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Scott County Sheriff Tim Lane on Tuesday expressed concerns about a proposed bill that would eliminate the requirement to obtain a permit to carry or buy a gun in Iowa.

“The concern that I would have is that if we have somebody who has gone from the status of being a ‘law abiding citizen’ to no longer qualifying … under the current law, the sheriff’s office is able to take their permit,” he said. “I’m not familiar with how that individual under the new law would become notified that they are no longer eligible to carry."

That would be concerning in cases involving a permit carrier who is suffering from mental illness, he said.

“Most people’s concerns about firearms are that they fall into the hands of people who are not mentally stable,” he said. “And that’s what we need to look at the hardest when it comes to creating a law such as this.”

Senate File 2106, if passed, would allow a “law-abiding citizen” to acquire and carry a gun without a state permit.

Anyone who buys a gun from a federally licensed firearms dealer would still be required to have a valid permit to carry and complete a federal background check. 

The legislation was under consideration in February 2018 but was pulled from the Senate Judiciary Committee following a mass shooting at Marjory Stoneman Douglas High School in Parkland, Fla., that left 17 people dead.

The bill was moved out of a Senate subcommittee Monday and passed up to the Senate Judiciary Committee.

Republican Gov. Kim Reynolds told reporters Tuesday that she still supports the 2010 “shall issue” bill, which she voted for while she was in the Senate. That bill standardized how gun permits are issued and included background checks and required weapons training.

“I think that was a good piece of legislation,” she said. “I think that was the right thing to do. We’ll wait and see how the legislation proceeds here in the Legislature.”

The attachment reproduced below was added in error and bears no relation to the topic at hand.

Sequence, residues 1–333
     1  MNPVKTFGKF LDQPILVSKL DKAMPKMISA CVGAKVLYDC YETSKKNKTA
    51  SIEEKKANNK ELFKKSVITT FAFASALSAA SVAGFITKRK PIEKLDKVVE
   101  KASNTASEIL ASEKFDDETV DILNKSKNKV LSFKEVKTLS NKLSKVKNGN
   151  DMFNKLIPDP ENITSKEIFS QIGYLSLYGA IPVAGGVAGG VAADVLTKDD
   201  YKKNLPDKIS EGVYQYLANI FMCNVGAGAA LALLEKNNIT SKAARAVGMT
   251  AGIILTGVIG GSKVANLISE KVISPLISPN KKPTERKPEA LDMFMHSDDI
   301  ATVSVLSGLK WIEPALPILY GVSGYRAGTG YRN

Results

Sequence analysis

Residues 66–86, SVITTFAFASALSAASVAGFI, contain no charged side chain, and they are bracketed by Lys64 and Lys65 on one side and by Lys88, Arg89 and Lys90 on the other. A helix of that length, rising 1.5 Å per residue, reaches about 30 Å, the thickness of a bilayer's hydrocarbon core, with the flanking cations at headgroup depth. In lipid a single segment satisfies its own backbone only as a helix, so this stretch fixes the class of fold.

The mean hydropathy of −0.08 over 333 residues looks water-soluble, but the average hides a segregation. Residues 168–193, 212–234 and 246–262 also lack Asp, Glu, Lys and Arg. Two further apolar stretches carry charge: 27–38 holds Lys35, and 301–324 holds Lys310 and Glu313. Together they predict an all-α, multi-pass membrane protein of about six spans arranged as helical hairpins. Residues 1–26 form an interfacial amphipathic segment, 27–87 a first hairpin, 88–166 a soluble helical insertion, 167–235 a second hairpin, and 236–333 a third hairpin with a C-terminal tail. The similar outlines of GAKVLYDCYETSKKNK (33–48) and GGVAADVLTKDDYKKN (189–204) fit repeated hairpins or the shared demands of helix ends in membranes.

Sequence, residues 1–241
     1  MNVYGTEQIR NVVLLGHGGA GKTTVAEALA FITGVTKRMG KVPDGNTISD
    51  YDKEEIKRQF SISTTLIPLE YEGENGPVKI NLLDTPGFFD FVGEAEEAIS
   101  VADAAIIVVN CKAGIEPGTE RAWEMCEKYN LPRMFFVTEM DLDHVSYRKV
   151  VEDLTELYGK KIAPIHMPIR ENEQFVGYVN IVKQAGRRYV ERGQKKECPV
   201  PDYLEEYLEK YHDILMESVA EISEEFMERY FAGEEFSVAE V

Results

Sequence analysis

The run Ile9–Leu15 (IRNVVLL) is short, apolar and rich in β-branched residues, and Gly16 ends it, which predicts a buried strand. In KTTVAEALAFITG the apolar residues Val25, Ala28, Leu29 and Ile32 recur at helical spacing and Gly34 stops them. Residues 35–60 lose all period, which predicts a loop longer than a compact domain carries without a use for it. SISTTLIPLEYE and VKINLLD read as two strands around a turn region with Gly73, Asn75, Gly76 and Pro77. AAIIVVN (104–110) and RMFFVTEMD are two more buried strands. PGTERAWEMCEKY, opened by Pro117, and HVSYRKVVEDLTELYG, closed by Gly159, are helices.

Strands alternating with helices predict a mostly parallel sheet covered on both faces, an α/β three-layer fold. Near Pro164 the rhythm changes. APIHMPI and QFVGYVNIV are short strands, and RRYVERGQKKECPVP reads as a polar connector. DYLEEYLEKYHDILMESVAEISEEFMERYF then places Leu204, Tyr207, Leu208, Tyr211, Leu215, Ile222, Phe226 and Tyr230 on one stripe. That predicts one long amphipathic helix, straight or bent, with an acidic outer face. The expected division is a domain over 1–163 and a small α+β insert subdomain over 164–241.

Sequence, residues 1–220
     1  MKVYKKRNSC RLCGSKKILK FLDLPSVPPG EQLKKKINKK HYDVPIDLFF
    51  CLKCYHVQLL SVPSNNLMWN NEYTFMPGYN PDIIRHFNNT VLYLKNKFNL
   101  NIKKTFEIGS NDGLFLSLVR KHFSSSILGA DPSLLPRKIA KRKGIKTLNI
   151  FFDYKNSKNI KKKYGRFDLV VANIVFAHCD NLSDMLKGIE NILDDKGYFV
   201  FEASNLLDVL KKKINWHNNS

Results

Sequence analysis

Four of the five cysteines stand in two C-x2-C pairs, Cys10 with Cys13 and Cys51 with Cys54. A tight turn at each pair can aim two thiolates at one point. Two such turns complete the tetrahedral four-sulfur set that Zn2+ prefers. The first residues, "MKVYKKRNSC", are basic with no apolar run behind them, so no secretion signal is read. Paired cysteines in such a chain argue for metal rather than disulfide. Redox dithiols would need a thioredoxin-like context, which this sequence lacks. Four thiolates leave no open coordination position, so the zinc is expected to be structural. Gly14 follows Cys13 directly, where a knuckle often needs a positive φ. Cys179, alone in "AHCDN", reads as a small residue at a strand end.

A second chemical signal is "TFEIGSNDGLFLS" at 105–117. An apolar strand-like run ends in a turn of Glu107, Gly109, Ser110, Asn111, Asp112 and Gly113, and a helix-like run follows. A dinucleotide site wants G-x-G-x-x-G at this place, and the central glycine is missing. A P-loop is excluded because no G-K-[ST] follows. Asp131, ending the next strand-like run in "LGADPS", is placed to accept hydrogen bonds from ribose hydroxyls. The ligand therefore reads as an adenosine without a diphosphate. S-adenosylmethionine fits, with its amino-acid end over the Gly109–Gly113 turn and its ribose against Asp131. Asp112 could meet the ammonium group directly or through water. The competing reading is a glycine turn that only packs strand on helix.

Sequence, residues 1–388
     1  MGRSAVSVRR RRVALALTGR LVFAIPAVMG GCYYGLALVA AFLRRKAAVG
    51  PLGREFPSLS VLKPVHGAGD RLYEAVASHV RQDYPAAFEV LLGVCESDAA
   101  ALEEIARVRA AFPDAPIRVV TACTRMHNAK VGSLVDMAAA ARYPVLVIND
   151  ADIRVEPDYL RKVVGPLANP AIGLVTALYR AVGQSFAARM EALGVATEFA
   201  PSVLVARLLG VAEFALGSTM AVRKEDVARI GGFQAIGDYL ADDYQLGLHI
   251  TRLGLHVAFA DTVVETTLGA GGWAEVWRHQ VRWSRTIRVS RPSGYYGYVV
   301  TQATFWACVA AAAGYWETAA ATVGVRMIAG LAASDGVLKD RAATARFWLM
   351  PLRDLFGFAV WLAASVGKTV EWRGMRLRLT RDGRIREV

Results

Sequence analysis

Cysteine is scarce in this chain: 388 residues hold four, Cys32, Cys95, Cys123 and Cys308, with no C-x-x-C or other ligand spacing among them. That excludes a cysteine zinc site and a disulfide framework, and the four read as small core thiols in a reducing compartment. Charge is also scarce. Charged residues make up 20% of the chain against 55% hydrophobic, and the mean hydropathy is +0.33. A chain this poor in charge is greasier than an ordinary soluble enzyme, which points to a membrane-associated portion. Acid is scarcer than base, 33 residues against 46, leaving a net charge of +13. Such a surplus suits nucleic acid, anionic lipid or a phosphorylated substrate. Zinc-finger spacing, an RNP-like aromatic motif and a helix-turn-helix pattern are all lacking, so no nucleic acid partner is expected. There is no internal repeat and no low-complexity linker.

She added that she is keeping an open mind and that “we’ll see what kind of traction it has and where it goes.”

Lane said the sheriff’s department has issued thousands of permits over the years. On average, they revoke one to two permits a month, he said.

Bettendorf Police Chief Keith Kimball said he has not yet read the proposed bill but said in general that “the current Iowa law in regards to permits to purchase and permits to carry being administered by the sheriff’s (office) at the county level has worked well.”

“I am also in favor that some type of background check should be conducted and be required by law when purchasing a firearm,” he said.

Lane said he could support the proposed legislation “as long as it has wording that covers my concerns.”

Davenport Police declined comment.

Jeanelle Westrom, owner of Davenport Guns & Shooting Club, said she supports constitutional carry.

“However, just because you have that right, doesn’t mean that you don’t to be a responsible member of society and still get proper training so you’re safe and secure,” she said. “We like it (constitutional carry) and we want people to be trained.”

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